The Jewish Book Council has announced the winners of its 2015 National Jewish Book Awards. The awards, celebrating their 65th year, span a wide variety of Jewish texts both popular and scholarly, from American Jewish Studies to Children’s Literature to Sephardic Culture.
Highlights from the 19 categories include the award for “Jewish Book of the Year,” which went to Bruce Hoffman’s “Anonymous Soldiers: The Struggle for Israel, 1917-1947.” Daniel Torday’s “The Last Flight of Poxl West: A Novel” won for fiction while John Benditt took home top honors in debut fiction for “The Boatmaker,” and Laura Amy Schlitz became the first winner in a new category for young adult literature for her novel “The Hired Girl.” Shulem Deen, who writes the “My Heretical Year” column for the Forward, won the award in Contemporary Jewish Life and Practice for “All Who Go Do Not Return: A Memoir.”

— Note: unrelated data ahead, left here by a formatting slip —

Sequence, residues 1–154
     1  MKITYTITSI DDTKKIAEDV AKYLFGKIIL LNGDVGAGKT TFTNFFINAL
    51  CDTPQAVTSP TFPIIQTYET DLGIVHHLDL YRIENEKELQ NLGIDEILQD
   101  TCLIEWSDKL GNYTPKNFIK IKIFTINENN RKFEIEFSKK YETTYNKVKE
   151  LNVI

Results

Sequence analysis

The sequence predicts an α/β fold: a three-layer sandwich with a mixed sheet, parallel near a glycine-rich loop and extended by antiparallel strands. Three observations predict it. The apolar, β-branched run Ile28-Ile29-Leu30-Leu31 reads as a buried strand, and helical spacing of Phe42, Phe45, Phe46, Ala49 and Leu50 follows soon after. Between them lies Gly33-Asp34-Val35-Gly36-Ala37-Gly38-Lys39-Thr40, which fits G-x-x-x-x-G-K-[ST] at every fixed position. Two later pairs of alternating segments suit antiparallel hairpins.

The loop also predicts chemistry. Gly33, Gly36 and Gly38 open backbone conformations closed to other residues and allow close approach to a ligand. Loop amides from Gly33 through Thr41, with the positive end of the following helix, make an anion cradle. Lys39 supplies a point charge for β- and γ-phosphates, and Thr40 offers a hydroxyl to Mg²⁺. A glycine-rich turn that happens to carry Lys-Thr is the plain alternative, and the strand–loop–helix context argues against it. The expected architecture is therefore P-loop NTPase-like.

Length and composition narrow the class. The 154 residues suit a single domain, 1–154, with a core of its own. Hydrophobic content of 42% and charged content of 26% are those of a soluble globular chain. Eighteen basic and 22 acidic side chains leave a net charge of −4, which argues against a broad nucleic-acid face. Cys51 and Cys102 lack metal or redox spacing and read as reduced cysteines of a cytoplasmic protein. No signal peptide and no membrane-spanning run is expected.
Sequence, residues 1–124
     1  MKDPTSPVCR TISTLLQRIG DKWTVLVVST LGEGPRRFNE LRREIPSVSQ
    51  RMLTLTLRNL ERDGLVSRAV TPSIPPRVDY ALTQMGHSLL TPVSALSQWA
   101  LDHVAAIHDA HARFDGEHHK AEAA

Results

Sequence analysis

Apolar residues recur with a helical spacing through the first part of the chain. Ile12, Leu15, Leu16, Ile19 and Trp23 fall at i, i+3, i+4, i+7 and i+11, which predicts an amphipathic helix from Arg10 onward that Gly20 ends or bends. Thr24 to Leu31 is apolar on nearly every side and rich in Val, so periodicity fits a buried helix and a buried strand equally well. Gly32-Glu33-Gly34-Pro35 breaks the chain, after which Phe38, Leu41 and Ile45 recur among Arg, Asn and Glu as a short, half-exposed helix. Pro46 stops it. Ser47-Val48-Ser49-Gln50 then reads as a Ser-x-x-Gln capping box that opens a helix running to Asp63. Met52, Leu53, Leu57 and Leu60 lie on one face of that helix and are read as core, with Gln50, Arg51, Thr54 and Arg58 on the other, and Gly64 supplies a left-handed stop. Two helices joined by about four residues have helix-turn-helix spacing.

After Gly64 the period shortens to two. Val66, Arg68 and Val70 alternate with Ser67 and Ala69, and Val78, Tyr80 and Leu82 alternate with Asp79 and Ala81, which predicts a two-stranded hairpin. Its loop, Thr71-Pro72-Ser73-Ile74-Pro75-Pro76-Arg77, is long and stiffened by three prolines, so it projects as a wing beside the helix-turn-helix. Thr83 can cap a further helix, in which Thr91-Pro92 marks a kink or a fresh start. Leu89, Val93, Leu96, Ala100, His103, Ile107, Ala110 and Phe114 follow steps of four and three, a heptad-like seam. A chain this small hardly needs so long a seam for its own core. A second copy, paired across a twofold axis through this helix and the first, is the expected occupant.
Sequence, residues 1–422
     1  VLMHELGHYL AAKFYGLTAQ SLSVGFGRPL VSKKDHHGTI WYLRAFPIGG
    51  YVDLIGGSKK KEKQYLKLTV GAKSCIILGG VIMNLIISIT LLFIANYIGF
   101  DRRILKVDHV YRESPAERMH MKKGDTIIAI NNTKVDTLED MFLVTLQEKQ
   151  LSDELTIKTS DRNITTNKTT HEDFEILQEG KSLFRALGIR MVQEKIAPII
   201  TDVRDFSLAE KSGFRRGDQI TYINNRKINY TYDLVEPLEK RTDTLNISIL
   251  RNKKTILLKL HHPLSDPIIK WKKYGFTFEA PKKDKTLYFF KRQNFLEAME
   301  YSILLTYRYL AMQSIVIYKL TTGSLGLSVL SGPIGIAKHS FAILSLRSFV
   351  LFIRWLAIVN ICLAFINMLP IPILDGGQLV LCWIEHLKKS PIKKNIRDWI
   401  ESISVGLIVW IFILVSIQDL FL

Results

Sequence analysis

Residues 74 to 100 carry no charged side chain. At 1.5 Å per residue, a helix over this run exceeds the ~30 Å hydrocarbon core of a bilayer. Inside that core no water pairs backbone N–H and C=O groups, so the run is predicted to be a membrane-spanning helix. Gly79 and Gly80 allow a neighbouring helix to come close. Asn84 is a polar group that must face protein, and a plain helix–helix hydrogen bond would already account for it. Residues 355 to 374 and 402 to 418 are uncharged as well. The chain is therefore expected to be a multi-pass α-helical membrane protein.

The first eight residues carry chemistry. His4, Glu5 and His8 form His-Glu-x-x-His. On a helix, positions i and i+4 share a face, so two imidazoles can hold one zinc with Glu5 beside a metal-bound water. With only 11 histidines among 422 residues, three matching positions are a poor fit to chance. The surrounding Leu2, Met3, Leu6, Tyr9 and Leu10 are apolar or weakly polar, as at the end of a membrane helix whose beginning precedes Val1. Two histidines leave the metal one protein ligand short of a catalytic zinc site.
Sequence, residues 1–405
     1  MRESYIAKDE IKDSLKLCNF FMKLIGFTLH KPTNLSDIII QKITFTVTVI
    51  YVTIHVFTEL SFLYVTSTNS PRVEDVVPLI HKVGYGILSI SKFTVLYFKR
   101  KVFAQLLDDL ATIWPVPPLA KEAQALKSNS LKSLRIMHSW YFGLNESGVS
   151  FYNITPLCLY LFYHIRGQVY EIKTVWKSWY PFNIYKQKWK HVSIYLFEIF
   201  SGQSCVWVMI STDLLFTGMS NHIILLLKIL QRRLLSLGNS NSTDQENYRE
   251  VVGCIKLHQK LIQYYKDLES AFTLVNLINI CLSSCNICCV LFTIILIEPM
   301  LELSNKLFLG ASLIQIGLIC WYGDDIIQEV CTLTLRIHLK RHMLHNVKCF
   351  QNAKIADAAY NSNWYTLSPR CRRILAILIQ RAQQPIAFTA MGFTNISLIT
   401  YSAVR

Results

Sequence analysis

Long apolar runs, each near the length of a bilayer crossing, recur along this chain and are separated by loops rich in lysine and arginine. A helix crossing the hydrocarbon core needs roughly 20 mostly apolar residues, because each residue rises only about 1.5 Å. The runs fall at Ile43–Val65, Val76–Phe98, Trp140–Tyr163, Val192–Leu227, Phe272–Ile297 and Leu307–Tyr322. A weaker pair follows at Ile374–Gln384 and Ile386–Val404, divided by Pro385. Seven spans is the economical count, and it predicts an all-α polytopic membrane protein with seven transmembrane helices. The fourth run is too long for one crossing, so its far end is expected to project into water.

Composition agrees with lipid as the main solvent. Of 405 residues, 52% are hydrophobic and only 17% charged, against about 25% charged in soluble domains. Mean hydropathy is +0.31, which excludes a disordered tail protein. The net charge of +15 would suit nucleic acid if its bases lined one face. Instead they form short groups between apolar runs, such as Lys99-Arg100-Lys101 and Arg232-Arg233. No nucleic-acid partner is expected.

In the more scholarly awards, Rabbi Lord Jonathan Sacks won his fifth National Jewish Book Award in the category of Modern Jewish Thought and Experience for “Not in God’s Name: Confronting Religious Violence.” Ted Merwin’s “Pastrami on Rye: An Overstuffed History of the Jewish Deli” won the award in Education and Jewish Identity, and Dennis Ross walked away with the prize in History for “Doomed to Succeed: The U.S.-Israel Relationship from Truman to Obama.”
For most awards, only books issued between January 1 and December 31 of 2015 were considered. For those awards not issued annually, however, books from multiple years were eligible (although all books entered to the awards must be entered in their year of publication). Thus, Edward Hirsch’s “Gabriel: A Poem” which was published in 2014 and won this year’s poetry award, was eligible, as an award in that category had not been given since 2013.
This year’s winners will be honored at a gala in early March. The full list of winners and finalists is available through the Jewish Book Council’s website.
Talya Zax is the Forward’s culture intern.